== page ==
I’m one of those people who struggles to do anything slow. As an adult, I revel in the fact that I can run from one end of my house to the other without someone yelling “no running in the house, young lady!” at me. I understand and appreciate the societal norms that insist we walk throughout our day to day activities like a normal, civilized adults. But I won’t deny that it is incredibly difficult for me to resist busting out into a full sprint down a long, empty aisle at the grocery store.
And my desire to let my legs carry me from point A to point B as fast as they possibly can is exactly why fastpacking is a sport that appeals to me.
In case you haven’t heard of it yet, fastpacking is a sport that combines the speed of running with the multi-day capabilities of backpacking. Instead of carrying simply a bottle of water and maybe a few hundred calories in the form of a gel or bar, fastpackers carry enough water, gear, and food for an extended stay in the elements. But instead of the heavier loads of gear carried by traditional backpackers, the goal of fastpacking is to keep everything as light as possible.
“Why would anyone want to carry that much stuff while running?” you may be thinking. Well, the sport of fastpacking allows you to cover greater distances than a day of traditional hiking without the time constraints of traditional running (like trying to get back to your car before sundown). It basically opens up a world of possibilities for trail runners, allowing them, in theory, to set up camp wherever their feet decide to stop running for the day. A trail run can now last days, which allows runners to cover longer distances at their own pace.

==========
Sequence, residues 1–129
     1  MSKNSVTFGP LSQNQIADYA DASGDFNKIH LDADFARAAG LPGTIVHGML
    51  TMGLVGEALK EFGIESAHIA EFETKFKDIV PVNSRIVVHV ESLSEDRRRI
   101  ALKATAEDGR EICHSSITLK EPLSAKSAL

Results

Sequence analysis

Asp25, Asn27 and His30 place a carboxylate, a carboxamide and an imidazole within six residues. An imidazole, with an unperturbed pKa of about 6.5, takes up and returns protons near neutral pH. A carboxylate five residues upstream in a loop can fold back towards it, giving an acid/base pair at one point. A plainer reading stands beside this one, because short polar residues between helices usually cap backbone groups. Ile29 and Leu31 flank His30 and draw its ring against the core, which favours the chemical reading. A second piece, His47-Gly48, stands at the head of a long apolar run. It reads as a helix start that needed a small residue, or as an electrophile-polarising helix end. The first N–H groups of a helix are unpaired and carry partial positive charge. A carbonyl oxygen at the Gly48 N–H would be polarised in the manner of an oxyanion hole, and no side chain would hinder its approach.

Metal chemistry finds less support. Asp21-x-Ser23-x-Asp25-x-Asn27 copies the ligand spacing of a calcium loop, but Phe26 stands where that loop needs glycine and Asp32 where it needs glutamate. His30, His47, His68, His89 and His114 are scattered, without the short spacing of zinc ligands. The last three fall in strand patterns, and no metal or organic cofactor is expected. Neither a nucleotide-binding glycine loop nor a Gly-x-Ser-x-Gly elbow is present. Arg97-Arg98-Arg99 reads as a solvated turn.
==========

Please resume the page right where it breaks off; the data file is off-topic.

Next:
Alternatively, it opens up a world of possibilities for hikers who have a hard time slowing down, with legs that just want to go fast.
And with constant advances in outdoor gear technology, it is becoming easier for fastpackers to pack as light as possible. Of course, even the lightest gear that money can buy can still become heavy if you pack too much of it. Therefore the equipment that experienced fastpackers carry is often a fine-tuned selection through personal trial and error. You need to ensure that you have the appropriate gear for the elements and scenarios you may find yourself running through while still keeping your pack light enough to comfortably run with.
Is fastpacking for you? That depends! Do you wish hiking were a little bit faster? Do you wish your trail runs didn’t have to end? Are you looking for a new adventure? Then yes, fast packing might be for you! To get started, check out this very in-depth guide to fastpacking.
Keep in mind that all of the usual trail safety and trail etiquette rules apply…and often become imperative as you venture deeper into the backcountry. Start with shorter distances or less remote adventures to test out your gear and fastpacking abilities.
Then go and explore, and don’t let time or distance limit your adventures!